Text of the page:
If you’ve ever seen a gorgeous dogwood tree in bloom, that may be enough to send you on a mission to grow one in your yard. These long-time flowering favorites can be a real showstopper in your garden, and there are numerous colors to match virtually any palette. Read on to learn all the dogwood tree information you need to know to add this flowering ornamental species to your yard and have it thrive for decades to come, including dogwood trees planting and care tips.
Where do dogwood trees grow?
Dogwood trees, or Corunus florida, as they are known in Latin, are native to the eastern half of the United States. Now, they can be found throughout the United States, but they are always associated with the American South, where they do particularly well. You can find dogwood trees on public lands and in private gardens, and they are a popular addition to many college campus landscaping schemes, perhaps because of their association with the welcome arrival of spring after a long winter. In some parts of the country, you can even still discover dogwood trees growing in the wild in forest lands.
How big do dogwood trees get?
Dogwood trees generally grow from about 25 to 30 feet, although the average home garden tree usually winds up on the small side, about 15 to 25 feet tall. One of the reasons homeowners love dogwoods so much is that they don’t become so huge that they are hard to maintain or a hazard to power lines or roofs. When you plant a dogwood tree outside your window, you will be able to enjoy the blossoms when it is full grown, and you won’t be staring at the trunk, while the more decorative part of the tree towers over your home.
How fast does a dogwood tree grow?
Dogwood trees, when properly tended, grow at a rate of a little over one foot per year. This is another reason home gardeners favor them. If you plant a dogwood tree this year, you may be able to enjoy it as a full-size tree in about a decade. That’s a pretty short wait for such a beautiful addition to your garden.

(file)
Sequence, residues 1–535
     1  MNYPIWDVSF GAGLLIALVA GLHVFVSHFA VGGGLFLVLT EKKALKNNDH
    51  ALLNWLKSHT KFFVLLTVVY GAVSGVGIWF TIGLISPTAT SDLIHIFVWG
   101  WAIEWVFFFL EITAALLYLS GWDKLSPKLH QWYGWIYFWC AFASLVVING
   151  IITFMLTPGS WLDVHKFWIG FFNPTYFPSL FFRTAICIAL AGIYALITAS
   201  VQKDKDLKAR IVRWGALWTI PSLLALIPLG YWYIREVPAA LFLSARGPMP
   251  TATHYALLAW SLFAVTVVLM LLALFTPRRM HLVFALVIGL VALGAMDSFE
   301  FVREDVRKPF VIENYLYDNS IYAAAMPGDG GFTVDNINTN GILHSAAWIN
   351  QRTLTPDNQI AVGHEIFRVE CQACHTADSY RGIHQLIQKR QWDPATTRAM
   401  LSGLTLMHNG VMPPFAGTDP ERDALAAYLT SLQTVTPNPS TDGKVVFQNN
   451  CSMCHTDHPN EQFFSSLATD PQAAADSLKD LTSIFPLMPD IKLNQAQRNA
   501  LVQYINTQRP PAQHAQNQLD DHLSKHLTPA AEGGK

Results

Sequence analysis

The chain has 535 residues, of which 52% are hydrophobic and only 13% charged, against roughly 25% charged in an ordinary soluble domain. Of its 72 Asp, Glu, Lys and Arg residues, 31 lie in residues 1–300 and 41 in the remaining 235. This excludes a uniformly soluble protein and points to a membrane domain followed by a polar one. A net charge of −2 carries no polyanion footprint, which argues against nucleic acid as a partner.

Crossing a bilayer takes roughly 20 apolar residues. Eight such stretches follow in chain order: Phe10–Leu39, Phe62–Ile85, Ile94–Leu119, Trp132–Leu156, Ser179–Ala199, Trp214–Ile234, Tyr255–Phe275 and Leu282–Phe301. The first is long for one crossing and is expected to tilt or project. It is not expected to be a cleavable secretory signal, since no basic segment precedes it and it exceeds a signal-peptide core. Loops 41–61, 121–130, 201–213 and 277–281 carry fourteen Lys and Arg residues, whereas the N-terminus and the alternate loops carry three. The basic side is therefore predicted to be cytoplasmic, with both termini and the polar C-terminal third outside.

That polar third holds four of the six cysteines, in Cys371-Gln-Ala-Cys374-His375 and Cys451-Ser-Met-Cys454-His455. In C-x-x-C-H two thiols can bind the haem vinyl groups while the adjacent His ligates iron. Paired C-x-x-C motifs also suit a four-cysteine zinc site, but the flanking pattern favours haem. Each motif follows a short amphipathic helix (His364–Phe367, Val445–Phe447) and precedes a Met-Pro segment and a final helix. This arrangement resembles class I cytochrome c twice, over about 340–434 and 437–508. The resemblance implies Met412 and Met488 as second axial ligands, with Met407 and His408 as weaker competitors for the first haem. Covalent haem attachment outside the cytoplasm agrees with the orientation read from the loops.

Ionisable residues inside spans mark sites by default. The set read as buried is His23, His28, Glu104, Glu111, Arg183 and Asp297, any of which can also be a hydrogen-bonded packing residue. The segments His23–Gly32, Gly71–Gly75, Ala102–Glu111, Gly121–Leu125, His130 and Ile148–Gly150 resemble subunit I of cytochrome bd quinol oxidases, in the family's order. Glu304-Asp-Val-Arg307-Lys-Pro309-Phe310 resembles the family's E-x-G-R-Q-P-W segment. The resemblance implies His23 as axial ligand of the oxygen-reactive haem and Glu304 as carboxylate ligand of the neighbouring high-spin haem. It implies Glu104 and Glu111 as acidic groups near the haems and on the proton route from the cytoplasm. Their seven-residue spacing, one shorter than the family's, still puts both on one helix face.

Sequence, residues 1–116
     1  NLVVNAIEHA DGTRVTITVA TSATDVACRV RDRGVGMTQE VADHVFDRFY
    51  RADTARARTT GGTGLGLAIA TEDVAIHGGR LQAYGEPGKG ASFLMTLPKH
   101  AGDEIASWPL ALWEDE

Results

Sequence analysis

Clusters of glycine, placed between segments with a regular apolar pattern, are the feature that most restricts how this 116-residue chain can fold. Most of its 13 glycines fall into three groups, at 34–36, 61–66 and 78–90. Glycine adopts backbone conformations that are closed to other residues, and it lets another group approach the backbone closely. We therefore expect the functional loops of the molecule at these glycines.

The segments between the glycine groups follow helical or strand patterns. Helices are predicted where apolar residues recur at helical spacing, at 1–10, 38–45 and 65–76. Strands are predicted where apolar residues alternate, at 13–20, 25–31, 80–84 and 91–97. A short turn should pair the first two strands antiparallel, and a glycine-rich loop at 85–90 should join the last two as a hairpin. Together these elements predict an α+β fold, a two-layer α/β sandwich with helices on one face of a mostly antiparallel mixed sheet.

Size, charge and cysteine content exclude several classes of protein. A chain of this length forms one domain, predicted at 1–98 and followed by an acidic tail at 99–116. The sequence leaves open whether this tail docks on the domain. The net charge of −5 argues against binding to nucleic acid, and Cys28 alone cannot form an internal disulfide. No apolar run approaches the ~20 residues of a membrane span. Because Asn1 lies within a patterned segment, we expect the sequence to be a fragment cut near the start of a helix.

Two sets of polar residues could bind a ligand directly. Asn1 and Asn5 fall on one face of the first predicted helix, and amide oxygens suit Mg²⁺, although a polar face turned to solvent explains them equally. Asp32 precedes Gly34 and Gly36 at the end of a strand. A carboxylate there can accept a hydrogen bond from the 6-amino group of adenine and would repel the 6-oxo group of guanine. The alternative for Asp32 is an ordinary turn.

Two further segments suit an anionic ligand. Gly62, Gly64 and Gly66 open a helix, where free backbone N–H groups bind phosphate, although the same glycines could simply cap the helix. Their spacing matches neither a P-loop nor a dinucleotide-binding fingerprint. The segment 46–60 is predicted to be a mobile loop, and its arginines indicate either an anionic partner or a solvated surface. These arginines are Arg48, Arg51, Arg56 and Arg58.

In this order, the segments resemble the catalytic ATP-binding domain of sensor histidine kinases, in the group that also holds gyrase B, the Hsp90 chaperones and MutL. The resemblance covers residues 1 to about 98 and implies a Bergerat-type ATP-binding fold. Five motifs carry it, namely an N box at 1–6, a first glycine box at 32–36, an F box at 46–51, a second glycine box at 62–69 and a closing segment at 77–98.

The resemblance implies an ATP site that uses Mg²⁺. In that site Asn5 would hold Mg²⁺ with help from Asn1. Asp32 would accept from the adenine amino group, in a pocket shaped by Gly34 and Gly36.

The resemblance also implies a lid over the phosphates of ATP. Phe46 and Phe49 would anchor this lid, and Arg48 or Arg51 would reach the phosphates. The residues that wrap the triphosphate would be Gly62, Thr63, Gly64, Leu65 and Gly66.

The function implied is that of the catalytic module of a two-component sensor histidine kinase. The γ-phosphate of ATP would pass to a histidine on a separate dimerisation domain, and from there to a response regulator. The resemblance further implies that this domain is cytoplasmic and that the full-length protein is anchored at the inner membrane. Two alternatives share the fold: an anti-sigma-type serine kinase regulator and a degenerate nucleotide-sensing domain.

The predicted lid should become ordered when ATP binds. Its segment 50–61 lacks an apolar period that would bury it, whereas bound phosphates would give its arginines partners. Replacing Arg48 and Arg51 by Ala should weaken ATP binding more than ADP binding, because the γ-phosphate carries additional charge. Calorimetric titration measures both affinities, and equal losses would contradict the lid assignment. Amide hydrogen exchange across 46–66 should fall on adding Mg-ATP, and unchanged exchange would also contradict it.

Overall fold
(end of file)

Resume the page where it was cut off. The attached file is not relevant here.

How do you know where to plant dogwood trees?
The easiest way to decide where to plant a dogwood tree in your yard is to mimic as closely as possible the environment in which it grows naturally. In their wild forest environment, dogwoods are understory trees. This means that they grow with other trees above them. Try to plant your dogwood tree on the edge of a group of trees to replicate this natural protection. Evergreens pair well with dogwoods and offer a nice backdrop for the white or pink dogwood flowers of spring and the purplish foliage of autumn.
From this description, you probably guessed correctly that dogwoods do best in partial shade. While you can grow dogwood trees in both full sun and complete shade, an in-between location is ideal. Too much shade, and you’ll experience poor flowering with your dogwood, while too much sun limits growth. Hot, dry locations also subject the tree to heat stress and make it more likely to fall victim to dogwood borers. You’ll have to water your tree quite a bit more too if you plant it in full sun.
What are some tips for how to grow a dogwood tree?
1. Look for healthy specimens.
Immature dogwood trees come in several types of packaging at the nursery. Bare root or burlap-wrapped trees are meant to be planted in late fall or early spring, whereas those in containers can be planted any time they can be watered after planting. Either way, look for sturdy, straight trunks without any damage and healthy looking leaves with no brown or yellow spots. Check the bottom of trees in containers to make sure they are not root-bound; the ends of the roots shouldn’t be sticking out of the container in an attempt to find more space.
2. Pick the proper soil.
Dogwood trees need well drained, humus soil that is ideally slightly acidic. You can test the pH of your soil easily with a kit purchased at the nursery or online. The soil quality shouldn’t be too sandy, nor should it be heavy clay. A dogwood tree planted in clay soil will eventually rot and die as it will hold water for too long. Know that dogwood trees have roots that extend at least 12 inches below the plant and beyond the leaf canopy horizontally. If you make improvements to your soil for your tree, make sure it covers the entire area the tree’s roots will occupy when mature. Read our Ultimate Guide for Having the Most Rewarding Soil here.